The Cincinnati Enquirer from Cincinnati, Ohio on September 23, 1991 · Page 3
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The Cincinnati Enquirer from Cincinnati, Ohio · Page 3

Cincinnati, Ohio
Issue Date:
Monday, September 23, 1991
Page 3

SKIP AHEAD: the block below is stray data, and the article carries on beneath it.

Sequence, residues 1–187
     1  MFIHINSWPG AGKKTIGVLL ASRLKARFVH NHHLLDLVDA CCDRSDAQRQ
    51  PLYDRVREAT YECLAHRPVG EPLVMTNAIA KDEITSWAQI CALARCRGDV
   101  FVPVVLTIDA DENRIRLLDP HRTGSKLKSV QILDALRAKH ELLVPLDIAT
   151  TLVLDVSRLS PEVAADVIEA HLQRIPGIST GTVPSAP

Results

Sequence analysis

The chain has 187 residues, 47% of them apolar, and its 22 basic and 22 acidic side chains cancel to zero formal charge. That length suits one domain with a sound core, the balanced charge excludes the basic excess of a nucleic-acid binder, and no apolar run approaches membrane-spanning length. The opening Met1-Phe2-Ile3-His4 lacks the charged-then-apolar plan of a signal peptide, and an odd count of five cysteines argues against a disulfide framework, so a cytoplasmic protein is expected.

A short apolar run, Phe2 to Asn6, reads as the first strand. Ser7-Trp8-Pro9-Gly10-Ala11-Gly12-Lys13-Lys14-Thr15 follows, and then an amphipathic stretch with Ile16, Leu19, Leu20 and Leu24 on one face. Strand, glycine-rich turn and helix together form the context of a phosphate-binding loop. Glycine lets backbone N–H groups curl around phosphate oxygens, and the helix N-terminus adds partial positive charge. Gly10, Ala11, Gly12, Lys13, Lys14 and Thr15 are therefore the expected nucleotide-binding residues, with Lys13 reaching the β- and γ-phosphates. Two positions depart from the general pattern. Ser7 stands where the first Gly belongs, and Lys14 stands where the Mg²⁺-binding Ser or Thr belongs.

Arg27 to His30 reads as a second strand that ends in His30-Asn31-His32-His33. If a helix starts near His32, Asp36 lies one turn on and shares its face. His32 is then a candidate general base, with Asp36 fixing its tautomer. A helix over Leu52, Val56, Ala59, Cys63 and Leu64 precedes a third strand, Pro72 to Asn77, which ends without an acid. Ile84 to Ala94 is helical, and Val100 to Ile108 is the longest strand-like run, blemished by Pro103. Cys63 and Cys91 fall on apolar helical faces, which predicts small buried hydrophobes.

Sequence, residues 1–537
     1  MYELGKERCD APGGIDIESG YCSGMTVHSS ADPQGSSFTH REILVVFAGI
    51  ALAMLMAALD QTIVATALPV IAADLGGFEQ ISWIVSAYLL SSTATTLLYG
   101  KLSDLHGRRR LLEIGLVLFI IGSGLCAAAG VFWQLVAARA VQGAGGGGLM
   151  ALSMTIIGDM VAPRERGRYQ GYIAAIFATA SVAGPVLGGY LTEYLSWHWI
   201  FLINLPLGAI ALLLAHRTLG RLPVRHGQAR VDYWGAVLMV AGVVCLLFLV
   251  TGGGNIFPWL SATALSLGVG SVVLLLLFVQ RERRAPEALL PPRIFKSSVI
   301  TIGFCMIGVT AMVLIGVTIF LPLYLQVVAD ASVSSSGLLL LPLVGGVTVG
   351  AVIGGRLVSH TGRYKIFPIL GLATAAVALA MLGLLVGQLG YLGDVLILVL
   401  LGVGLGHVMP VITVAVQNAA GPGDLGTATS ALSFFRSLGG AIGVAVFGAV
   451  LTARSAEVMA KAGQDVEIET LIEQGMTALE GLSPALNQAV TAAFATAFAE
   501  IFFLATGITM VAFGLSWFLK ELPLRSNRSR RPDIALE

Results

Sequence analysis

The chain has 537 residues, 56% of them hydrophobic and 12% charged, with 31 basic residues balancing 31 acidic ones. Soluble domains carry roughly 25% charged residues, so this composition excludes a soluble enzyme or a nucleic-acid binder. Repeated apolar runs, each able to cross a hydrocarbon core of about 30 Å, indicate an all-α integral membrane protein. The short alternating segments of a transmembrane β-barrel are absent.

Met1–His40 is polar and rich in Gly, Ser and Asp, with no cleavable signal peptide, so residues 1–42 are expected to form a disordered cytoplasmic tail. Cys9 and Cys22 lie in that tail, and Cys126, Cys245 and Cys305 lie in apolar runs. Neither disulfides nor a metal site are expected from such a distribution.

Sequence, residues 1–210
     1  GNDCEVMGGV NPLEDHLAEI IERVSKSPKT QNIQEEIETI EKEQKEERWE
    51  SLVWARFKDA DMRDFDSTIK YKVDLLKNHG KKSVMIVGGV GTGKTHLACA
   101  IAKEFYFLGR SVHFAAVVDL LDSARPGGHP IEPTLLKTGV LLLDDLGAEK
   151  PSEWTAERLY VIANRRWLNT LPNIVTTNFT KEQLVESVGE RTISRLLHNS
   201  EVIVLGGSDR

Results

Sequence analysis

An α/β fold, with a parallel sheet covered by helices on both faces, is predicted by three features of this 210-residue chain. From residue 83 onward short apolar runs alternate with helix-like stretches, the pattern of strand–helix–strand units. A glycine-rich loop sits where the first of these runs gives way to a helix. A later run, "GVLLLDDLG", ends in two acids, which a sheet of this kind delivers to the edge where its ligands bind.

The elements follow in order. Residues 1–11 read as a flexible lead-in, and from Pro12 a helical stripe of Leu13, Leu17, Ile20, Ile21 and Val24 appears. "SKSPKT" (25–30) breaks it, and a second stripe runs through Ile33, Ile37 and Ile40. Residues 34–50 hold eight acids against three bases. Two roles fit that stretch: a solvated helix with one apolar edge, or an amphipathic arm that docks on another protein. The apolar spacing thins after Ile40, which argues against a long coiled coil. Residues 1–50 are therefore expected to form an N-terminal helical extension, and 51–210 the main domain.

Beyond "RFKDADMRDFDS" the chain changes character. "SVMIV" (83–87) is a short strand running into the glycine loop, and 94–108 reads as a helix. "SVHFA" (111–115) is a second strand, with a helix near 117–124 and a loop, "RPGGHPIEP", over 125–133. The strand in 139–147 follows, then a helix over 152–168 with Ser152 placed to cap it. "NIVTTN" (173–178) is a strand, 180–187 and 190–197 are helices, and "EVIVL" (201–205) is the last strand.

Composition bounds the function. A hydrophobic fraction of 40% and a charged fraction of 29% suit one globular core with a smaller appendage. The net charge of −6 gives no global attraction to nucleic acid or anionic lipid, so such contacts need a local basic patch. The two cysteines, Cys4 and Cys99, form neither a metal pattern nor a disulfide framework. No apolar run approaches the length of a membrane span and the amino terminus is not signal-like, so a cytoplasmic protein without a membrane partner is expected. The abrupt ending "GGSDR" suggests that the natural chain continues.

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F Monday, September 23, 1991 Till- CINCINNATI I-NQUIRl-R NationA-3 H ostage delayed birth of her chi 5 die in disturbance at Montana prison i Daughter delivered on office floor during siege CANADA I mmm T MONTANA 7 Helena s. Deer Lodge IDAHO ! WYOMING I ! 200 miles ! i i : THE ASSOCIATED PRESS SALT LAKE CITY A first-time mother said Sunday that she tried to delay giving birth until after an agitated gunman carrying 18 pounds of dynamite gave up his siege of the hospital's maternity wing. But Christan Downey, 22, had her baby during the 18-hour standoff Saturday. Her new daughter became the ninth hostage of Richard Worthington, police said. He is accused of fatally shooting a nurse when he stormed the Women's Health Center at Alta View Hospital in Sandy, 15 miles south of Salt Lake City. "She was almost born, but I managed to prolong it for about four hours," Downey said at a news conference at another hospital. With her was the baby's father, Adam Cisneros, 20, who also was held captive. Worthington, 39, released his hostages unharmed and surrendered late Saturday. He was being held Sunday. He had stormed the health center apparently looking to kill a doctor who he said had operated on his wife two years ago without his permission, police said. Shortly after the siege began, Worthington had held a gun to Downey's belly while ordering Cisneros to brave police snipers and retrieve a package hidden in bushes hidden outside the hospital, witnesses said. Cisnero did it; the package turned out to be the bomb. Two nurses helped Downey give birth on the floor of what Worthington said was a booby-trapped doctor's office. mmm JJ ,1 f . -mm, f ; The Associated PressGeorge Frey Christan Downey holds daughter Caitlin, born during an 18-hour hospital siege. The Cincinnati Asssoclated Prass six Montana prisoners on death row. Gov. Stan Stephens said he didn't know how many of the cell-block's 68 inmates were involved. The unit had seven guards, but two in a control booth escaped. The cellblock is in a building separate from the main prison, Stephens said. Prison officials had established communications with the inmates, who asked to talk to reporters but were refused, said Curt Chisholm, state corrections officer. McCormick denied the prisoners made the request and said the only demand he recalled was for prison guards to be moved away from the outside of the building. Fireman's Protective Association would like to thank all of our generous friends from the Cincinnati Metropolitan Area, both families and businesses, for makinq our mm U k -A L 20th Annual Bentley Brother's an outstanding success! FREE AUDIOMETRY HEARING TEST In-home Consultation Available Ask Your Doctor About Our Reputation CINCINNATI HEARING AID SPECIALISTS, INC. 3030 Vernon Place, Suite 300 Central Trust Bank Bldg. 861-3563 Cirp Mon.-Fri. 9:30 AM -5 PM OS SSI and Fall A Winning Combination 2PI The Excitement second set (QjflTjc prints only J? process color film in 3" or 4" deluxe prints. THE ASSOCIATED PRESS DEER LODGE, Mont. - Five inmates were killed and e'wh in jured Sunday in a disturbance at a Montana Mate Prison, an official said. Five guards taken hostage for four hours were freed unharmed when a tactical unit stormed the maximum-security cellblock. Warden Jack McCormick said the inmates died before the special teain regained control. He said it hadn't been determined how the prisoners died, but that no weapons were found. He said inmates were seen and heard beating other inmates. Members of the tactical unit fired tear gas but only one gunshot, and it didn't strike anyone, McCormick said. The warden said the dead and four of the injured were being held in protective custody because they had informed on other prisoners or had been threatened. McCormick said he didn't know how or why the disturbance happened. He said the 55 inmates who weren't killed or injured would have to be moved temporarily. Those in the cellblock included the Tom Harkin Bill Clinton '92 race finally shapes up Democrats try on labels, talk tough BY JOHN KING The Associated Press LOS ANGELES The first big event of the Democratic presidential sweepstakes gave the race some early ideological and thematic lines and brought some vigor to a party that still faces formidable odds but finally appears ready to take aim at President Bush. Among the b""""" rtrTom Analysis Harkin and Ar- kansas Gov. Bill Clinton were clear winners after the Democratic National Committee's weekend meeting in California. Harkin set the tone of Saturday's candidate parade with a biting, sarcastic assault on Bush and the Republicans. For Clinton, the appearance was a chance to make appeals to the liberal constituencies who dominate the nominating process even as he offered himself as the moderate alternative to Harkin. Count former Sen. Paul Tson-gas of Massachusetts as a winner, too. He still is given long odds in his quest for the nomination, but in a speech that was both pointed and poignant he won admiration from his audience if not support. Recalling how cancer brought him to the verge of death, he said the scare made him realize the shortsightedness of today's "gen-erationally immoral" politics. Nebraska Sen. Bob Kerrey skipped the meeting to save his thunder for his formal announcement next week, but aides think the perfect spot for Kerrey is between Harkin and Clinton, trying to attract both liberals and moderates. In the second tier of candidates, Tsongas is promoting himself as a pro-business liberal. Virginia Gov. L. Douglas Wilder is the moderate, mixing his appeals to black and women voters with tough talk .about cutting billions from the federal budget. All of the candidates project themselves as outsiders disgusted " with a gridlocked federal government, and former California Gov. Edmund G. Brown Jr. easily is the furthest out of the bunch. He served notice that his will be no conventional candidacy, but instead a campaign against politics itself. With all the excitement, perhaps it was easy for the Democrats to forget that Bush remains enormously popular. But, as New Hampshire Democratic Chairman Chris Spirou put :it: "You can't win if you don't fight, and at least now we're fighting." . V '-', " RITE AID Film COLOR FILM COLGATE TOOTHPASTE 9 OZ, GEL-8.2 OZ. OR TARTAR CONTROL- 2 29 8.1 OZ. BIC SHAVERS io'S jinn f NYQUIL NIGHTTIME COLD ZS RITE AID SALINE NASAL SPRAY 1.5 OZ. 99 SUDAFED SINUS TABLETS ORCAPLETS 24 n69 Maximum Strength For Color V ISO 79 ffpr urn txr. m a t Cain Prima PLANTERS SNACKS 5-7.5 OZ. - ENERGIZER BATTERIES BYEVEREADY "AA"OR"AAA" 4 PACK 2 49 BAN ROLL-ON ANTI-PERSPIRANT 1.5 OZ. OR SOLID a -rr- S T t.oj.. jmnr 1' ion KERI LOTION 6.5 oz. nn 2 CORRECTOL TABLETS 30'S -f n 3 'IC7 ALCON SALINE SOLUTION FOR SENSITIVE EYES SALON SELECTIVES HAIR CARE PRODUCTS -J99 -1.99 NOW ONLY Less Mail In Rebate Your Cost CDCC After Rebate! flCC SEPTEMBER 23 THROUGH 29, 1991 SOME ITEMS MAY Masai Spr? m CONTtNTI v Fl 01 79 oort i 17 OBlGtNAl FORMULA 200 24 FOR DRY SKIN CARE ucsuooo Correctol. IAXATIVE the woman's gentie laxative I NOT BE AVAILABLE IN ALL STORES L HORMEL CHILI WITH BEANS 99 PEDIGREE DOG FOOD 14 OZ. 2 , QQ FOR area. Check your local yellow piii rzm Keri I I wmmm Snicmis w - Share A of C-41 SB CADBURY'S CHOCOLATE n m - 89 5 0Z. SudafedSinus BROCK'S CANDY CORN PUMPKINS OR HARVEST MIX TMIX 14.4 UZ. on'- uriRF 79 VB at mUtl 1 FREE MIKE SELL'S chips QQc 5 0Z.BAG IbJr May not be available in all stores. FutlWirffor Sinus Hudicht NaMl Canfcftinn Sinu Prtauf Without Drowiin MOTRIN IB TABLETS OR CAPLETS 50'S NOW ONLY 3" Less Mail In Rebate Your Cost After Rebate -1.50 2.49 PRICES ON WEEKLY SPECIALS EFFECTIVE POST GRAPE SIS 499 PUREX LIQUID DETERGENT 128 OZ. $5.39 Si OH NOW ONLY... Buy ThcPiteX mm mt mm mivwmmm-mwj . f . . . mb.7amm am miimW.aW of your favorite brands ..."mi.. COKE 12 PACK 12 OZ. CANS NOT ALL PACKAGES AVAILABLE IN ALL FLAVORS Beverage Prices plus deposit where required by law 289 Jg IXidljicc 1 11 Over 25 Rite Aid Pharmacies in the greater Cincinnati pages for the Rite Aid nearest you.